“All right, son, your old man will be along soon!”

“Don’t worry, nipper, your pa’s right behind us, he can’t keep up with us young ‘uns!”

They knew who he was because he often went down to meet his dad.

At last he caught sight of his dad, his bicycle rolling from side to side with the effort to pedal up the bridge, a long way behind everyone else, almost as far back as the stragglers who were walking home. He didn’t mind that his dad wasn’t as fast as the rest of them. His dad was older than them. It didn’t matter to him. He loved his dad. “Dad! Dad! It’s me!”

Mr Fillary looked up and smiled. He dismounted and pushed his bike across to the pavement. He was out of breath and he leaned on the handlebars, resting. “I wasn’t expecting you tonight, son. It’s a bit cold for you to be out, isn’t it? I wonder your mother let you come.”

“I talked her into it, dad. She didn’t want me to come.”

“Well, you’re here now. Jump on.” He hoisted Christopher onto the crossbar of the big green bike and pushed it slowly up to the top of the bridge. At the top he paused to get his breath back again. After a few minutes he mounted up and they wobbled uncertainly as they set off but as soon as they crossed the flat part of the bridge where it went over the railway line and started on the downslope they picked up speed rapidly. Soon the wind was pulling at his hair. He could smell the diesel and the sweat from his dad’s coat as he sheltered in his arms. He felt safe and happy wrapped in his dad’s coat, like he was wearing a suit of armour. He loved his dad more than anything in the whole world. Riding on a bike with him was the best thing ever even though his bum ached on the crossbar. He laughed out loud with delight when his dad rang the bell even though there was no-one in front of them.

When they got to the bottom of the incline he stayed on the crossbar for a bit until his dad got tired then he climbed down and ran alongside. His dad wasn’t quite right because of the war or something and got tired easily, especially after he’d been working all day. That’s what his mum said. It was harder at night too because you had to put on the dynamo to power the lights and that rubbed on the back wheel like a brake.

Christopher had a three wheeler of his own but at Christmas he hoped his dad would buy him a proper bike with a dynamo so that he could ride alongside his dad at night.

That evening, after tea when he’d gone to bed, his dad came up and read him a chapter from Children of the New Forest and Christopher was just falling asleep when his dad gave him a gentle kiss on the forehead and he felt his bristly unshaven skin and smelled the diesel oil again.
He fell asleep with a big smile on his face and dreamed of the new bicycle he hoped to get, the red one with straight handlebars and plastic mudguards and ten gears.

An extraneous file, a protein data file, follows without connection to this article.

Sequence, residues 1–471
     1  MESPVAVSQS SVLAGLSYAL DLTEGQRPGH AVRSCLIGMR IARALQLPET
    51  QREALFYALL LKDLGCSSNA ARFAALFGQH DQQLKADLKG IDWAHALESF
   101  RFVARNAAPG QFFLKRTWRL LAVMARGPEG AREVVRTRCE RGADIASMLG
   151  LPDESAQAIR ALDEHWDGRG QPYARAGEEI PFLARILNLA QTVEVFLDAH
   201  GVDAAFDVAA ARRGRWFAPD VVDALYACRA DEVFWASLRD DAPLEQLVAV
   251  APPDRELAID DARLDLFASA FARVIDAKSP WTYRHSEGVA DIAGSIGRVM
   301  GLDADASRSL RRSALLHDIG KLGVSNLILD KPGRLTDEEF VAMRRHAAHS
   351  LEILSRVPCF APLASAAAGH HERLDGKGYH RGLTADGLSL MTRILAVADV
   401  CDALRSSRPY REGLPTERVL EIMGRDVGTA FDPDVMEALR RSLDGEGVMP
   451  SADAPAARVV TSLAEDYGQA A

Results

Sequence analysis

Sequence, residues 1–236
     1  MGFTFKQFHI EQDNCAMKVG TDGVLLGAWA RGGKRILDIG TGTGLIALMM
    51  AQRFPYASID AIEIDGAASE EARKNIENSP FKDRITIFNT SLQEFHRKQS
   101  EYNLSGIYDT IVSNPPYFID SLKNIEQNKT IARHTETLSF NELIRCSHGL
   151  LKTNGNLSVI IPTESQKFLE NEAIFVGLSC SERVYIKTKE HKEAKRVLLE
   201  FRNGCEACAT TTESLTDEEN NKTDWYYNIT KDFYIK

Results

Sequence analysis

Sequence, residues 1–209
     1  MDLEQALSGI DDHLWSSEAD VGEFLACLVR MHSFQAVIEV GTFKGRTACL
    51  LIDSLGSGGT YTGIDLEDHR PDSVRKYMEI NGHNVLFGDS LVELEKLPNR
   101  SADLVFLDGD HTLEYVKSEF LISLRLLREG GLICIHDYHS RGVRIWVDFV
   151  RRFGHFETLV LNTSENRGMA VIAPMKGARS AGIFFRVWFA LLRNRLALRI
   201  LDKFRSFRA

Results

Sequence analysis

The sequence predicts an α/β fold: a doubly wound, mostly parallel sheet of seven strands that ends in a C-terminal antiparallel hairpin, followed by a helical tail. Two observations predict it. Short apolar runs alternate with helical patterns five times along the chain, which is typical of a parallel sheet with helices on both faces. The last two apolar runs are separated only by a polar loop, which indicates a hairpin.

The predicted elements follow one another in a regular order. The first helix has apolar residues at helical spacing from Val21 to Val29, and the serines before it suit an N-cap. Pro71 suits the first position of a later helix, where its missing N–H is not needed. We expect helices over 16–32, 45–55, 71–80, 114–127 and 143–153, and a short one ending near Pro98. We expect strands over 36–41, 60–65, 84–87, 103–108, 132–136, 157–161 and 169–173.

And a dynamo to see at night.

Fuck nothing

David Niven was an actor who typically played a certain kind of louche, upper-class womaniser. Which is what he was in real life. He had also been to Sandhurst and during the Second World War he served in the army, rising to the rank of lieutenant colonel in the Commandos. He took part in the Normandy landings.

He appeared in several of the Pink Panther films and even won an Academy Award in another of his film roles. But I think he's probably best remembered for his two volumes of autobiography, The Moon's A Balloon and Bring On The Empty Horses. Both books are hugely entertaining, even though it subsequently turned out that not all the anecdotes they contained were strictly true. Some, it seems, were second hand and others apparently embroidered.

My favourite story in Bring On The Empty Horses concerns Michael Curtiz, the Hungarian-born director of Casablanca. Curtiz, whose grasp of English was less than perfect, was an irascible bully, a veritable tyrant on the film set. One day, annoyed at some minor critical comment of Niven's about his directing, he turned on the actor in front of the assembled cast and roared, "You think you know fuck everything and I know fuck nothing. Well, I tell you, I know fuck all!"

I do hope this particular story is true and even if it isn't it still makes me laugh.

Tuesday, October 24, 2006

More thoughts on publishing

Regular readers of this blog will be well aware of - and probably participated in - my attempt to construct a top-class marketing pitch for my novel A Half Life of One. I'm pretty sure I've now got the best Query Letter and Synopsis that money can - or in this case didn't - buy. I'm also pretty sure from the feedback I've had over the last year that the book isn't a total clunker. Quite a few people have read and enjoyed it over the past year via my other blog. Judging by the stats there around 1-2 people a week read the book in its online form. Let's say 50-100 readers a year. Not quite a bestseller then.